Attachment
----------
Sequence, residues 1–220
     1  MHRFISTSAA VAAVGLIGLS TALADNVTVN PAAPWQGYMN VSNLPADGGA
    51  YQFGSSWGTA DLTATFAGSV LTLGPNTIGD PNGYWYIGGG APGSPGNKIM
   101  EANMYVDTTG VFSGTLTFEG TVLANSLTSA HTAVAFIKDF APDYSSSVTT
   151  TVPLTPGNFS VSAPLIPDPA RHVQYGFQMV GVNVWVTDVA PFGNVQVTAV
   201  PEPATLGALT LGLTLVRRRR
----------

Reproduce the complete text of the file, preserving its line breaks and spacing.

Sequence, residues 1–220
     1  MHRFISTSAA VAAVGLIGLS TALADNVTVN PAAPWQGYMN VSNLPADGGA
    51  YQFGSSWGTA DLTATFAGSV LTLGPNTIGD PNGYWYIGGG APGSPGNKIM
   101  EANMYVDTTG VFSGTLTFEG TVLANSLTSA HTAVAFIKDF APDYSSSVTT
   151  TVPLTPGNFS VSAPLIPDPA RHVQYGFQMV GVNVWVTDVA PFGNVQVTAV
   201  PEPATLGALT LGLTLVRRRR